another, they received one and probably several items. The items just weren’t something that
sparked their memory.
That suggests a weakness in the system: Loss of control by the distributor once the order
is delivered. Distributors who profess to be, and actually are, promotional consultants are often
shorted on the consultant end and find their expertise ignored. The buyer says, Just deliver the
order, and we’ll take it from there. Sometimes ―taking it from there‖ is a dead end. Even an ad
agency insists on knowing when its commercials are being aired. In any event, it’s easy to see
why consumer reactions to the item and to the giver are often compromised.
Of only marginal concern, as we see it, are buyer projections on their promotional
products spending over the next two years. They may appear disappointing, but we wouldn’t
attach much alarm to that forecast. Projections tend to be based on what’s happening at the
moment. Ask somebody authoritative like Moody’s Analytics for their take on 2014 business,
and you’ll probably get a number of forecast revisions along the way to that year.
Perhaps more concern should be directed to the mindset of buyers who reduced their
promotional products’ spending because of the poor economy. Who’s to say, once recovery takes
hold, that they won’t conclude their reduced spending didn’t cost them business so why not just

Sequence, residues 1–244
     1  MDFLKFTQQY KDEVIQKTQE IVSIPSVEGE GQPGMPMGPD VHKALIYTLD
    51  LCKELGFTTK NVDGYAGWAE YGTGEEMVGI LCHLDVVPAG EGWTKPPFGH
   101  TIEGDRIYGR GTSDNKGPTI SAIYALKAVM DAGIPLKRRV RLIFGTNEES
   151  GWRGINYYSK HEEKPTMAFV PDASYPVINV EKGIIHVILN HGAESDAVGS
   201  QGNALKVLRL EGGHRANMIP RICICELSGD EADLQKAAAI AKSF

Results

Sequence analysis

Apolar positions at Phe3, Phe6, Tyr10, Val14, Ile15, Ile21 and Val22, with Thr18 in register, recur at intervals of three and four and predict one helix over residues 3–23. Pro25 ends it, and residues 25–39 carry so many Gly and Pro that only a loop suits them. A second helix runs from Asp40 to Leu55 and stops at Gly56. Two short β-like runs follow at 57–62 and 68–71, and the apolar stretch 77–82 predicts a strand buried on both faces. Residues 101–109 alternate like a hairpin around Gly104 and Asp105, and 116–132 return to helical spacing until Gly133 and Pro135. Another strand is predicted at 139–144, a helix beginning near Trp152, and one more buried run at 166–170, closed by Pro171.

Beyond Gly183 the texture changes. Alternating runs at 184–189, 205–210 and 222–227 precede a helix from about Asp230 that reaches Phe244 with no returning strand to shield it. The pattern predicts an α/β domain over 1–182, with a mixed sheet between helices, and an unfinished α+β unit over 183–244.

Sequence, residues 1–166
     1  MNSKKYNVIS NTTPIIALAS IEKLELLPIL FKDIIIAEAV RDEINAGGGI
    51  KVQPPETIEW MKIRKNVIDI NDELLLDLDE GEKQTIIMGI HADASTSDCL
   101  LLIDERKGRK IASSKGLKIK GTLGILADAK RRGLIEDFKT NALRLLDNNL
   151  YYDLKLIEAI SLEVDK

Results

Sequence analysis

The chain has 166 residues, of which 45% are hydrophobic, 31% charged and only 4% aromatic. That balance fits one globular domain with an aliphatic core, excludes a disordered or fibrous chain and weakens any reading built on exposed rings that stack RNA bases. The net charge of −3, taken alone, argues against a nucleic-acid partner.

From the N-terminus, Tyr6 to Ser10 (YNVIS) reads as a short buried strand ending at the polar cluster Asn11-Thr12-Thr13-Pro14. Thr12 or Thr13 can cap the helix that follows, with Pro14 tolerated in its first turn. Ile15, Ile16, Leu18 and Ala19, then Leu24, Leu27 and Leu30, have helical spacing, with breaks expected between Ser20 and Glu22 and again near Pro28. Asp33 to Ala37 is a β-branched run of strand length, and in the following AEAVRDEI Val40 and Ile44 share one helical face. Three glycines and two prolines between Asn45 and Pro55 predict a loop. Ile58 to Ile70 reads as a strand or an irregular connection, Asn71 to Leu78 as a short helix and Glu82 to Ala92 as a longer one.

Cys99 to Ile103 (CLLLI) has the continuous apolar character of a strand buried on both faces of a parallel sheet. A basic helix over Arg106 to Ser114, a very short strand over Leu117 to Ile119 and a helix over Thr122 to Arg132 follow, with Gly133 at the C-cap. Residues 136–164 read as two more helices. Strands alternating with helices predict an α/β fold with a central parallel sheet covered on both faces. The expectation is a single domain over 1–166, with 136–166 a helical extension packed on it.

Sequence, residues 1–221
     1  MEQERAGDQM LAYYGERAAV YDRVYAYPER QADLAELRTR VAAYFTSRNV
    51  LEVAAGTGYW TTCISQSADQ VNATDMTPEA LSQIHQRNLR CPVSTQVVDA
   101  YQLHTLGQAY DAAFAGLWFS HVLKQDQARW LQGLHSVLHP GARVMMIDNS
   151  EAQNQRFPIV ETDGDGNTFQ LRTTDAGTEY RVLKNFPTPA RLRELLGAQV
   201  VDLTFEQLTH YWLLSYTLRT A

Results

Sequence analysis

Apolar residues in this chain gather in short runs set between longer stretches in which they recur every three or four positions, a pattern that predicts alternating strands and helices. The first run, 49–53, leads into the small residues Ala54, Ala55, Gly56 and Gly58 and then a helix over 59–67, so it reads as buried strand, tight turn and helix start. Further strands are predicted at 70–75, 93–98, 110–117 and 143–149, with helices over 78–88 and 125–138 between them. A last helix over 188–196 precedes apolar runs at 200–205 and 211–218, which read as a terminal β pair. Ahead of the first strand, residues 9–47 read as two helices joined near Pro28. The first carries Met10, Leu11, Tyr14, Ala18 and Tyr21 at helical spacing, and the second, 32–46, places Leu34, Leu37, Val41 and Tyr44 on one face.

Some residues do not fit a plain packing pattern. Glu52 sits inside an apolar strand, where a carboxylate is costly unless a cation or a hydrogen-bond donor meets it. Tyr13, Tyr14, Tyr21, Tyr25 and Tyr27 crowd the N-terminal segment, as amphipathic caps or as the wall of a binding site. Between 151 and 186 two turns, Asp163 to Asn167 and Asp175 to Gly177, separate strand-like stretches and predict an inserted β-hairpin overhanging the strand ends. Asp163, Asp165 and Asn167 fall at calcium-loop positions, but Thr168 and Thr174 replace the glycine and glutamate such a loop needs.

stand pat? Media salespeople are quick to point out research by McGraw-Hill and others
showing that companies that keep up their advertising during a recession bounce back much
faster than competitors that cut spending. But who’s paying attention?
Methodology
In this study, we, as PPAI researchers, contracted with MarketTools Inc. a San Francisco
provider of online research panels under the name of Zoomerang. Two panels—consumer and
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buyer—were purchased, and each panel provided 736 for a total of 1472 individual responses to
an online questionnaire.
Comprised of more women (55 percent) than men, the consumer panel was asked a series
of questions relating to promotional products they recalled receiving that they perceived to fall in
one or more of four price categories. The questions allowed us to examine their attitudes toward
or impressions of the products and the organizations that gave them and the types of promotional
products they preferred to receive.
In order for us to understand the composition of this panel, we included demographic
questions on the survey. Responses revealed that:
54 percent of the respondents were age 18 to 45; 30 percent were 46 to 65 and the
remaining few were older. See chart below:
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41 percent had at least a four-year college degree, indicating that our panel was better
educated than the general U.S. population - see chart: